A Program of The Actuarial Foundation. Aligned with Common Core State and NCTM Standards.
Program Home Pages
Additional Resources

What is an actuary? An actuary is an expert in statistics who works with businesses, governments, and organizations to help them plan for the future. Actuarial science is the discipline that applies math and statistical methods to assess risk.

Background photo: © Inga Nielsen/iStockphoto.

About This Lesson Plan



Shake, Rattle, & Roll

Tune In to Insurance





Students will understand:

  1. How to estimate costs and make inferences and predictions from data.
  2. How to use cost-benefit analysis to make decisions.

Activity 3 (PDF); Internet access or office-supply catalogs; Calculators


  1. Tune In to Insurance
  2. Answer Key to the Lesson Reproducibles


  1. Divide students into groups of 3-4. Have each group imagine they are co-owners of a small used CD and DVD store in a tornado-prone area.

  2. Distribute copies of Tune In to Insurance (PDF), and go through question 1 to estimate the store's total value.

  3. Tell students they must choose whether to purchase an insurance policy to cover them if they were to lose their business in a tornado. Discuss insurance coverage. Explain that coverage for catastrophic events like tornadoes must be purchased separately from a basic policy, at greater cost.

  4. Discuss cost-benefit analysis. Explain that it's a way of evaluating the advantages (benefits) and disadvantages (costs) of a particular purchase, investment, or course of action. Explain that actuaries use cost-benefit analyses in the real world.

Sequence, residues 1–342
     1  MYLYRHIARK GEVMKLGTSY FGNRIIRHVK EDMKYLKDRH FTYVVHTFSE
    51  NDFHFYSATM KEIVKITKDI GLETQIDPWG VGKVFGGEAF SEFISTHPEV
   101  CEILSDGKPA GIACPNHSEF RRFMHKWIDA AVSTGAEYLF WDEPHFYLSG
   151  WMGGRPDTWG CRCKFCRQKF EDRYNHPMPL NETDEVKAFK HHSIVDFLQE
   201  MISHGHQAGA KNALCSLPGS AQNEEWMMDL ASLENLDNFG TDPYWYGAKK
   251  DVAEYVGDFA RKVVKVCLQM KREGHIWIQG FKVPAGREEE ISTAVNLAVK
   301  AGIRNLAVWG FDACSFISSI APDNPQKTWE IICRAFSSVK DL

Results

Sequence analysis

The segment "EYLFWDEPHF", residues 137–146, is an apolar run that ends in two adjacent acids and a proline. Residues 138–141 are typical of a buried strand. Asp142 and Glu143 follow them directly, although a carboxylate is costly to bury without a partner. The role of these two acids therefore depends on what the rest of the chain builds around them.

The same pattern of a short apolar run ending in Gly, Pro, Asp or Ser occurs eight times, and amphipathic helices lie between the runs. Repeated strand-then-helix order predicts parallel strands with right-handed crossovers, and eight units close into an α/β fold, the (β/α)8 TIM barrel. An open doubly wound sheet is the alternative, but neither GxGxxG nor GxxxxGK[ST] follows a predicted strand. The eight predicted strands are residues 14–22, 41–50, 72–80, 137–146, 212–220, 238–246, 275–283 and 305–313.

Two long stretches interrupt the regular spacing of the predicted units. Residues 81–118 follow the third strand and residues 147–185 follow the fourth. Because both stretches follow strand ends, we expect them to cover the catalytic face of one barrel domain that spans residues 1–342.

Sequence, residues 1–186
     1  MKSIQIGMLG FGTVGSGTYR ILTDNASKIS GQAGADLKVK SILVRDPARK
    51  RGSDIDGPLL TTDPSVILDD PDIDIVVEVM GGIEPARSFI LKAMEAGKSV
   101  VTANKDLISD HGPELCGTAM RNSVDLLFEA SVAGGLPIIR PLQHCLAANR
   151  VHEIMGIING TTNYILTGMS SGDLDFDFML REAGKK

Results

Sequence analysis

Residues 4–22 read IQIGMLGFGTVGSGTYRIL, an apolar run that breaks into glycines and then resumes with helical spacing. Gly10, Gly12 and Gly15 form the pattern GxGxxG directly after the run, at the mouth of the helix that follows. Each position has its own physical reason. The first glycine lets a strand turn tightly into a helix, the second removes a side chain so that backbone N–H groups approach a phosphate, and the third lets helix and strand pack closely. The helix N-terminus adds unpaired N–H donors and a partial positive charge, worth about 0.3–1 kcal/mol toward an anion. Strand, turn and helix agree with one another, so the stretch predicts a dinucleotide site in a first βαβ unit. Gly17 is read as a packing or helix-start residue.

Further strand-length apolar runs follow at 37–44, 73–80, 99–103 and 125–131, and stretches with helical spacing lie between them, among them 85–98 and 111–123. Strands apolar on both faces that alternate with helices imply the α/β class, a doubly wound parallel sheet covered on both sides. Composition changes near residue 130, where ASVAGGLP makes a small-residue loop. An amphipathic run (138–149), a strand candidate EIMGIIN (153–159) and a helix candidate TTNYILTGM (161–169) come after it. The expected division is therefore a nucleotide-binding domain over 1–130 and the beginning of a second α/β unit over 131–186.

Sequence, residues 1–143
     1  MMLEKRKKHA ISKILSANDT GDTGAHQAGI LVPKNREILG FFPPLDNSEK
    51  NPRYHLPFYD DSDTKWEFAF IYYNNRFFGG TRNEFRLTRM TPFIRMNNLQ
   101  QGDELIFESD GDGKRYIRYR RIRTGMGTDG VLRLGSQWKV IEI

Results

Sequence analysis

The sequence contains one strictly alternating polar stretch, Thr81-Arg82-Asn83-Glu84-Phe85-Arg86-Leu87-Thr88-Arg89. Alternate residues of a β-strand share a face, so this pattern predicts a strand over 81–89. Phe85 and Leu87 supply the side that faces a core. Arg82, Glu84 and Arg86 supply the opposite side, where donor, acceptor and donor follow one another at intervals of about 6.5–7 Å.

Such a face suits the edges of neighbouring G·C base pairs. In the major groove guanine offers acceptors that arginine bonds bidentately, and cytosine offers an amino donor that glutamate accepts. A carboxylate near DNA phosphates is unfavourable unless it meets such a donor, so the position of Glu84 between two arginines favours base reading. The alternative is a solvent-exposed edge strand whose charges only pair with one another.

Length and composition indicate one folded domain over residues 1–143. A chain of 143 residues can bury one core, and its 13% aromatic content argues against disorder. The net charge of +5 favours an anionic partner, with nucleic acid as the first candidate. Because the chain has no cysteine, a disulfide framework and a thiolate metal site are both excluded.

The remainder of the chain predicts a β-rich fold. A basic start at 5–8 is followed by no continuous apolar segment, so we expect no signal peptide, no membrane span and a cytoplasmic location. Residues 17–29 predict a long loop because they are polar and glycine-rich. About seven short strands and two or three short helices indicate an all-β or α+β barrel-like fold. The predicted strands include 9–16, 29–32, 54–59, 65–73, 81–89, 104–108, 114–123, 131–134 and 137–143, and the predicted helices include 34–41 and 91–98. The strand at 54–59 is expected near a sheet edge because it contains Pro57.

5. Questions in the reproducible guide students through a cost-benefit analysis for making decisions about insurance. Review students' answers. Discuss the costs and benefits of having tornado insurance.

Real-World Connections:

Actuaries use cost-benefit analysis to help analyze the cost of possible events for insurance companies. They assess the risk of certain events in particular areas according to what they refer to as the "peril-type," and by the cost associated with each type of peril. Using this data, they help insurance companies adjust their business approach and set their fees in a way that helps them reduce their financial risk. (Suggestion: As an added bonus for your students, you may wish to invite a local insurance agent for a guest presentation.)


For the Fujita Tornado Damage Scale, visit www.spc.noaa.gov/faq/tornado/f-scale.html.

Welcome Families (PDF)
Family Activity 1: Insuring for the Uncertain (PDF)
Family Activity 2: Banking on Inflation (PDF)
Family Activity 3: Planning for the Future (PDF)